Things to Know Before Accepting or Rejecting an Offer For Your Home

If you have your home on the market, you’ll soon be getting offers. When that happens, you’ll need to decide which offers are best for you.

Your real estate agent will be a huge help with this. Agents know how to determine the pros and cons of an offer, since there’s more to it than just dollar signs. They have a sense of your financial and personal goals, so they can help you decide if the offer being made matches those goals.

Before the first offer rolls in, here’s what you need to know about the offer evaluation process, including the main factors that should go into making a decision with your agent.

When vetting offers, evaluate these areas in addition to price:

The earnest money deposit.

An earnest money deposit, or EMD, is the amount of cash a buyer will pay when the agreement is signed to show they’re serious about buying your home. This money is usually held by the title company and goes toward the down payment at closing.

A standard EMD is 1% to 3% of the cost of the home. If a buyer tries to back out of an offer for no good reason, the seller typically keeps the EMD. Therefore, the higher the earnest money, the stronger the offer.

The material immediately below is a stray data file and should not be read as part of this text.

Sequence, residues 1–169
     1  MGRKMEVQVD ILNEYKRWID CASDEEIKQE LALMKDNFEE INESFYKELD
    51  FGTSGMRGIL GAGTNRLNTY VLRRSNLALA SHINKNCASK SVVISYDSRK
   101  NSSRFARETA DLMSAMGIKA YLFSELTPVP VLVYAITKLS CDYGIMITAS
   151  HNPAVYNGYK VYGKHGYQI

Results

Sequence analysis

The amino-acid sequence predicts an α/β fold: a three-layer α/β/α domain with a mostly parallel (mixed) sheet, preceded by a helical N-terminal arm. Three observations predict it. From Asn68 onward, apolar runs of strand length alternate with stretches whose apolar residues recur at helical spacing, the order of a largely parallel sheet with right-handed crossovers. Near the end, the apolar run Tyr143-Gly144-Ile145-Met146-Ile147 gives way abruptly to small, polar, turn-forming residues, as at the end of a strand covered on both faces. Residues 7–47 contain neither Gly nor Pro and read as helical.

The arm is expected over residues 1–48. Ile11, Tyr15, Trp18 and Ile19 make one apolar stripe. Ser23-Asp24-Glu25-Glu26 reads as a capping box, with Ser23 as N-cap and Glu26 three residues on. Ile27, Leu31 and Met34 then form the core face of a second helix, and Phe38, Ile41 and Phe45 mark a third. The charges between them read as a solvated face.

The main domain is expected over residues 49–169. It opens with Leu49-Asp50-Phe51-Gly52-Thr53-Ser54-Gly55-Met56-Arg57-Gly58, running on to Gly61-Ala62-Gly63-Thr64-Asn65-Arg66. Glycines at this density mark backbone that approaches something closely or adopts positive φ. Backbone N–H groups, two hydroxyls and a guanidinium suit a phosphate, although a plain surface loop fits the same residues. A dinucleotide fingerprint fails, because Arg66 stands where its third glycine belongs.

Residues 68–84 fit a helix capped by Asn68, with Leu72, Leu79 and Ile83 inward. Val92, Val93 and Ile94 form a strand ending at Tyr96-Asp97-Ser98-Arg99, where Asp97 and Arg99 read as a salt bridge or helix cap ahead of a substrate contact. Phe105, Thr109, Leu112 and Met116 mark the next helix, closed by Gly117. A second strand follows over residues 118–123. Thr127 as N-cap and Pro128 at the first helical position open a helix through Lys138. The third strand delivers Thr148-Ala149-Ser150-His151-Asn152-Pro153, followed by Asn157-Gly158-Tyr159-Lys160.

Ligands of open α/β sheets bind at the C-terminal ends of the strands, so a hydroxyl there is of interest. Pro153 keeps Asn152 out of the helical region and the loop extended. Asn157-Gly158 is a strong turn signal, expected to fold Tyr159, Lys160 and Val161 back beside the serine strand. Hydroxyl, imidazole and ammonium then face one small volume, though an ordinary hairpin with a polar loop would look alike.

The down payment.

In most cases, a mortgage requires some down payment. The size of a down payment can determine the strength of an offer. As a seller, your main concern is for the transaction to close. And for that to happen, the buyer’s mortgage has be approved.

In most cases, a larger down payment indicates that a buyer has the cash to make sure the sale goes through. This means that if the appraisal comes in higher than your contract’s sale price, the buyer with a higher down payment would more likely be able to cover the difference with the large amount of cash they have available.

The closing date.

Closing is when the final paperwork is signed and the sale is final. The entire process, from accepting an offer to closing, takes between 30 and 60 days.

Three days before closing, the buyer receives a closing disclosure from the lender, which he compares with the loan estimate he received when he applied for the loan. If there are material differences between the buyer’s loan estimate and closing disclosure, the closing can’t happen until those amounts are reviewed and approved. But this is rare.

Some transactions can take more time, depending on the buyer’s financing. For example, the average closing time for a Federal Housing Administration (FHA) loan is 43 days, according to Ellie Mae.

Whether you want a slow or quick settlement will depend on your circumstances. If you’ve already purchased your next home, for instance, you probably want to close as soon as possible. On the other hand, you may want a longer closing period if you need the proceeds from the sale to purchase your new home.